According to the Hypothesis of Giant Implications, the Earth-Moon system was created about 4.5 billion years ago, when a Mars-sized object collided with Earth. This effect led to the release of massive amounts of material that eventually joined to form the Earth and the Moon. Over time, the moon gradually migrated from Earth and assumed its current orbit.
Since then, there have been regular exchanges between the Earth and the Moon due to their impact on their surfaces. According to a recent study, the impact that occurred during Hadean Eon (about 4 billion years ago) may be responsible for sending the oldest earth rocks to the moon, where it was discovered by Apollo 14 astronauts.
The study, which recently appeared in the magazine Earth and Planetary Scientific Letters, was led by Jeremy Bellucci of the Swedish Museum of Natural History, and included members of the Institute of Moon and Planetary Sciences (LPI), several universities and the Center for Lunar Science and Research (CLSE), which is part of the research on research on NASA's Solar System Virtual Institute.
This discovery was made possible thanks to a new technique developed by the study team for locating lunar regolith impact fragments. The development of this technique was prompted by Dr. David A. Kring, a principal researcher at CLSE and a LPI researcher at the University of Space Exploration (USRA) – to challenge them to locate a piece of land on the moon.
The resulting research led to the detection of a fragment of 2 g (0.07 oz) stone made up of quartz, feldspar and zircon. The rocks of this type are most commonly found on Earth, but are very unusual on the moon. In addition, a chemical analysis revealed that the rock is crystallized in an oxidized system and at a temperature consistent with Earth during the Hadean; instead of the moon, which at that time experienced higher temperatures.
As Dr. Krung says in a recent press release on LPI:
"It's a remarkable discovery that helps to paint a better picture of the wounded Earth and the bombardment that modifies our planet during the dawn of life."
Based on their analysis, the team concluded that the rock was formed in Hadean Eon and was launched from Earth when a large asteroid or comet affected the surface. This impact will have discarded material in space, where it collided with the surface of the moon, which was three times closer to Earth at that time. In the end, this rock material is mixed with the lunar regolith to form a single specimen.
The team can also learn a lot about the history of the samples from their analysis. For one, they concluded that the rock crystallizes at a depth of about 20 km (12.4 miles) below the surface of the Earth between 4.0. and before 4.1 billion years ago, and then it was excavated from one or more events for big shots that sent it to the cis-lunar space.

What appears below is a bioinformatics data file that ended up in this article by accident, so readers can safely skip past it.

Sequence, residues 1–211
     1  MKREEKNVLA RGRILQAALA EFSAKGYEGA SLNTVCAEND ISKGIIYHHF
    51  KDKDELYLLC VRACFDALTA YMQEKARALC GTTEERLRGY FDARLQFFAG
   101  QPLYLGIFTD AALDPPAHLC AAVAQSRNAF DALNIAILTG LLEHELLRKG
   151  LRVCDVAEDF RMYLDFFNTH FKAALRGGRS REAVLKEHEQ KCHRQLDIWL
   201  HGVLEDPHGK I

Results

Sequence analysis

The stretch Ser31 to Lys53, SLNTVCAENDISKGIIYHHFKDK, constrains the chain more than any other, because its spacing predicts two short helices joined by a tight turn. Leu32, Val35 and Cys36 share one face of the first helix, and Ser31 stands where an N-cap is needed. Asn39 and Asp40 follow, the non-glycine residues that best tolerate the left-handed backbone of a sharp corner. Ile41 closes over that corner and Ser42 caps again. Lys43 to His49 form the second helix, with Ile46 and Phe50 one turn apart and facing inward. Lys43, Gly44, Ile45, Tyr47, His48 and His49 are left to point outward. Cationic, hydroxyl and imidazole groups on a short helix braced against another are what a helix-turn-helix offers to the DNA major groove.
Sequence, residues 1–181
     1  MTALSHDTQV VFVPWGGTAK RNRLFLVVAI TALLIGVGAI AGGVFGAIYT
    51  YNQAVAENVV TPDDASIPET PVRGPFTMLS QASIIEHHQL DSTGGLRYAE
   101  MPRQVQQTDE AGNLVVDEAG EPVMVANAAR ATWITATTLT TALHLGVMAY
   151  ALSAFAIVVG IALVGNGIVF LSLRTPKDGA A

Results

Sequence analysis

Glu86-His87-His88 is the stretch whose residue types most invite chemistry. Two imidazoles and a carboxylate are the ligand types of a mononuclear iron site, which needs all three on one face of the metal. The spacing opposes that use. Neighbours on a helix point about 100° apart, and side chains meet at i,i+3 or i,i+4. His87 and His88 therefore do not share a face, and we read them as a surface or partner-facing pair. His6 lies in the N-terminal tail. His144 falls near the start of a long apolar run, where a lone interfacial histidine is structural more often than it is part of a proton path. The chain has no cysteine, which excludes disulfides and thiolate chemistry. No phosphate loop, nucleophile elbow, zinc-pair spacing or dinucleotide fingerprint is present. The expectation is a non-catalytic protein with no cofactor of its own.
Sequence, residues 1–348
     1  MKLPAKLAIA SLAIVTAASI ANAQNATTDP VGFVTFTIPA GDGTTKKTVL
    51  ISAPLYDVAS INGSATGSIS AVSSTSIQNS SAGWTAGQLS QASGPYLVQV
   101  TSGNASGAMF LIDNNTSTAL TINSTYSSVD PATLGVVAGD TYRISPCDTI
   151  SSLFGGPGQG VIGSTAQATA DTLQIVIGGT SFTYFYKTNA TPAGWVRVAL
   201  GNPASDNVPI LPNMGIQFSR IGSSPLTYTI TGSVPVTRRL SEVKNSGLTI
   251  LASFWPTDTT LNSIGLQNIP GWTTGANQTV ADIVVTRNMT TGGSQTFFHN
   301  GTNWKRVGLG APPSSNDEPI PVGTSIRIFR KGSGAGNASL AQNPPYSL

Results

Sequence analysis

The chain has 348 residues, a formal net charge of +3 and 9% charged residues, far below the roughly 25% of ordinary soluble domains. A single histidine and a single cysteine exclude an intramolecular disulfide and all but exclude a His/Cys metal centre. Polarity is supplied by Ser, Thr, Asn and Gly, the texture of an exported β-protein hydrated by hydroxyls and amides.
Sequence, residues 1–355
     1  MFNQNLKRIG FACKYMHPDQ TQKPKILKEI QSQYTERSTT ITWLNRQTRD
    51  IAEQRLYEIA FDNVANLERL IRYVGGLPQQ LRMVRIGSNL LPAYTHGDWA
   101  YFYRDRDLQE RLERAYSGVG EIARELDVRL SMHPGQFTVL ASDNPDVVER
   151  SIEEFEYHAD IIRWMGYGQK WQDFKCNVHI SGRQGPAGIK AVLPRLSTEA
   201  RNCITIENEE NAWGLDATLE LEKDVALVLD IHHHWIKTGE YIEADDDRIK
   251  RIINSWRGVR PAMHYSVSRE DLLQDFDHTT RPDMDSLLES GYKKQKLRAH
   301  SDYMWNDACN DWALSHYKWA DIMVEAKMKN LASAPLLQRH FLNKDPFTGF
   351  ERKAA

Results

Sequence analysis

This is in line with previous research by the team that showed how the impacts in this period – ie. late heavy bombardment (which happened about 4.1 to 3.8 billion years ago) – produced thousands of kilometers of craters, which is more than enough to eject the material from a depth of 20 km (12.4 miles) into space.
They further found that several other influences influenced him after reaching the surface of the moon. One of them caused the sample to partially melt about 3.9 billion years ago and buried it beneath the surface. After that period, the moon was subjected to influences that were smaller and rarer, and gave it the surface that it has today.
The final impact event that affected this sample occurred about 26 million years ago, during the Paleogene period of the Earth. This impact caused a conical crater of 340 m (1082 ft) and dug the sample stone back to the surface of the moon. This crater was the landing site of Apollo 14 a mission in 1971, where the astronauts of the mission received samples of rocks to return to Earth for study (which included rock on Earth).
The research team confirmed that the sample could be crystallized on the moon. However, this would require conditions that have yet to be detected in any lunar sample obtained so far. For example, the sample should crystallize very deep inside the lunar mantle. It is also believed that the composition of the moon in those depths is quite different from what is observed in the rocks of the sample.
As a result, the simplest explanation is that this is an earthen rock that descends on the moon, a discovery that can possibly cause some controversy. This is inevitable, since this is the first Hadean sample of its kind to be found, and the site of its discovery will also probably add the no-confidence factor.
However, Kring predicts that more specimens will be found, as Hadey's rocks are likely to occupy the Moon's surface during a late heavy bomb. Perhaps when crew missions begin to travel to the moon in the next decade, they will have a chance of more than the oldest Earth-rock samples.
The research was made possible thanks to the support provided by NASA's Virtual Research Institute for Solar System Research (SSERVI) as part of a joint venture between LPI and the NASA Johnson Space Center.